Associate Professors Katz (SC), Rindisbacher (PO), von Schwerin-High (PO)
Assistant Professor Vennemann (SC)
German Studies is the interdisciplinary study of the contemporary cultural, social, economic, and political life of German speakers in their historical and international contexts. The German faculty of Pomona College and Scripps College offer a single unified and comprehensive curriculum for language, literature, and cultural studies courses. The German Studies Program offers as degree options both a major and a minor in German Studies.
Scripps has a German Corridor where students speak German with the resident native German assistant and with each other. The members of the corridor form the core of the German Club, which organizes activities for German students throughout the year. Any student of The Claremont Colleges is welcome to join the German Club by signing up with the German assistant. In addition, a weekly German language table meets in the Elizabeth Hubert Malott Commons.
Study Abroad is considered an integral part of the German Studies curriculum at Scripps, and all students of German are strongly encouraged to complement their Claremont curriculum with a semester or year stay in one of the German-speaking countries. All course work completed during this time abroad satisfies the requirements for the major or minor in German Studies. Students must also complete at least German 44 prior to going abroad. We strongly recommend that students also take two courses from the 100-series, which prepares them more fully for the German experience. It is also strongly recommended that students intending to go abroad take a German course every semester prior to leaving, regardless of their incoming level. Thus, first-year students entering the German curriculum at the 44 level will have completed all major/minor requirements upon their return. Currently, students may study abroad on the Scripps College Program in Heidelberg or, in consultation with the Scripps faculty, on an approved program in a German-speaking country.
German Across the Curriculum (GAC)
In addition to its major and minor programs of study, the German Studies Program offers students who have successfully completed German 44 (or its equivalent) the option to maintain and further develop their language proficiency in German courses in translation. Students enrolling in such courses co-enroll in German 189, the accompanying German language section. They receive one-half course credit for meeting with the German faculty member to read and discuss, in German, German texts related to the subject course.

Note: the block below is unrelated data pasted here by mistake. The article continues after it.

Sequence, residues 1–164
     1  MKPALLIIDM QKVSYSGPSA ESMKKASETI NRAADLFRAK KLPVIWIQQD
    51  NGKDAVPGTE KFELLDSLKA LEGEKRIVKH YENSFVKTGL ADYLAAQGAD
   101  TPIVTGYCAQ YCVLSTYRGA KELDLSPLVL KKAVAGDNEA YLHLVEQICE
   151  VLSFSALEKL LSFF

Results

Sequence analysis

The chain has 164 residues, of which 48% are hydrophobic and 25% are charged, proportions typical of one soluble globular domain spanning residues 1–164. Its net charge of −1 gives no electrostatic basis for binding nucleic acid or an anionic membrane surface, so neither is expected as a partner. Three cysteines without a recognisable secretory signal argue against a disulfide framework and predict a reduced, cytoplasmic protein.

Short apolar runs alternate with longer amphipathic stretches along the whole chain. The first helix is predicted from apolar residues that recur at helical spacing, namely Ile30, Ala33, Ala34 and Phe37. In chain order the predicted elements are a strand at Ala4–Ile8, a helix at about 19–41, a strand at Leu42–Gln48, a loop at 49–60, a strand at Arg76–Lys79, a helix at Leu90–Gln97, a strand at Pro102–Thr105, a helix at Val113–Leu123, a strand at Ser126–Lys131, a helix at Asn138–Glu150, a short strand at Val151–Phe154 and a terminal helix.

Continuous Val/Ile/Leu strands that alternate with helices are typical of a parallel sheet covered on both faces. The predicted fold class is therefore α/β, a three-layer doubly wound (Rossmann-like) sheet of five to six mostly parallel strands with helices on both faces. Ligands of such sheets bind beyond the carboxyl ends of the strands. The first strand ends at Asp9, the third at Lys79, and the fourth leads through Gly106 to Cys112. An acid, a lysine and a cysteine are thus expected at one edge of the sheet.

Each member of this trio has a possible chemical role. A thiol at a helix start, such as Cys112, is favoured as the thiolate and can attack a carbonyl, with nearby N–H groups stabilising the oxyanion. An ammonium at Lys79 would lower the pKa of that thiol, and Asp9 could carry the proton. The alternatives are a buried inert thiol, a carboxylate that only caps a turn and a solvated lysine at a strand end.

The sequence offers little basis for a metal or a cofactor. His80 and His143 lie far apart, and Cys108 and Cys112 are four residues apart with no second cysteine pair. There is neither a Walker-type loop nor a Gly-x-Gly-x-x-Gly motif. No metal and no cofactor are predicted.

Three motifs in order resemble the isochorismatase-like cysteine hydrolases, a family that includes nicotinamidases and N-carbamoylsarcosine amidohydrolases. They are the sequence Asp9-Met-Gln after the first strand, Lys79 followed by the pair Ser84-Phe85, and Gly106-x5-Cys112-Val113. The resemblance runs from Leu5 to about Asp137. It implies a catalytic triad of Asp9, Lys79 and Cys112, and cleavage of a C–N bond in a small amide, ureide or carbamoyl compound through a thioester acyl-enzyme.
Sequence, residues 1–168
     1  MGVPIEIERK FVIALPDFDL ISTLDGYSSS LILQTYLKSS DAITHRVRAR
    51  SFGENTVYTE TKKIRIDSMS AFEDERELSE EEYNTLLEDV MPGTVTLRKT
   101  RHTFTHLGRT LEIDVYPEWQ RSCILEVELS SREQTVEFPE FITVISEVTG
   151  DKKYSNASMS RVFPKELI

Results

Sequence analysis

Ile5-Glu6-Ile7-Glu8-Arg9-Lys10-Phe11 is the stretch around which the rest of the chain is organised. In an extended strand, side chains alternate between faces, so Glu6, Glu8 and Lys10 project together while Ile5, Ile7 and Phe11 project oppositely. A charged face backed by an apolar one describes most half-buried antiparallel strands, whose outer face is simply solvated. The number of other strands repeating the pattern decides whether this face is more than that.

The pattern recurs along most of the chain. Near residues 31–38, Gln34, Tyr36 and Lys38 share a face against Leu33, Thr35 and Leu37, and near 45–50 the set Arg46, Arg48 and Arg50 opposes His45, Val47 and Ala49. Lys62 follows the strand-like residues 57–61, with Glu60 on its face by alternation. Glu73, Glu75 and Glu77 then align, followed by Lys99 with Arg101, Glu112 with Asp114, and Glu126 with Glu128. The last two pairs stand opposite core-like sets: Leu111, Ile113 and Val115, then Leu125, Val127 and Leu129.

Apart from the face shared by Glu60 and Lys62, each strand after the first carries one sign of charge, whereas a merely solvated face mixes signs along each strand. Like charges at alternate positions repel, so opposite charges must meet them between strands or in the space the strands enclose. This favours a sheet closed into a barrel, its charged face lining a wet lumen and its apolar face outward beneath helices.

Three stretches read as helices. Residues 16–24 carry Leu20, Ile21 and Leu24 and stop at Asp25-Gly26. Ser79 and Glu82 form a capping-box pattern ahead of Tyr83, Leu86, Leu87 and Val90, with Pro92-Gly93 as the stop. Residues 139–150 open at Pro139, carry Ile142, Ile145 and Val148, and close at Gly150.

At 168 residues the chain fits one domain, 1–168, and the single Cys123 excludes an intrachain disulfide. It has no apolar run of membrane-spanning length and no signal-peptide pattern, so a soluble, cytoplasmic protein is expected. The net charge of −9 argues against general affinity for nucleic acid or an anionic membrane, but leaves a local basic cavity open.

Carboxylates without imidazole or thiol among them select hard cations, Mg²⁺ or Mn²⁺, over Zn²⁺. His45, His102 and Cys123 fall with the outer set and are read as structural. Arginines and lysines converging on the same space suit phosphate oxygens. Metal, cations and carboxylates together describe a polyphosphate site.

Learning Outcomes of the Program in German Studies
Department Goals and/or Objectives
Goals are broad statements that describe what the program wants to accomplish
1. Students will gain a basic understanding of German grammar and knowledge of vocabulary.
2. Students will gain facility in speaking and understanding German and proficiency and clarity in expressing themselves in oral and written form.
3. Students will gain knowledge, past and present, of: major authors, issues, and trends associated with German society, culture, and literature.
4. Students will gain the ability to analyze, think critically, and express themselves articulately, about primary texts and visual materials, and to use secondary sources to deepen their understanding, in discussions, presentations and written essays and exams.
Student Learning Outcomes
Outcomes describe specific knowledge, abilities, values, and attitudes students should demonstrate
SLO1: Students competently demonstrate a basic understanding of German grammar and knowledge of vocabulary.
SLO2: Students demonstrate proficiency, clarity and fluency in written expression. Students will exhibit knowledge of and the ability to think critically about the historical, cultural, and literary content of the course.
SLO3: Students demonstrate knowledge, past and present, of major authors, issues and trends associated with German society, culture, and literature.
SLO4: Students are able to analyze, think critically, and express themselves articulately, about primary texts and visual materials, and to use secondary sources to deepen their understanding, in discussions, presentations, and written essays and exams.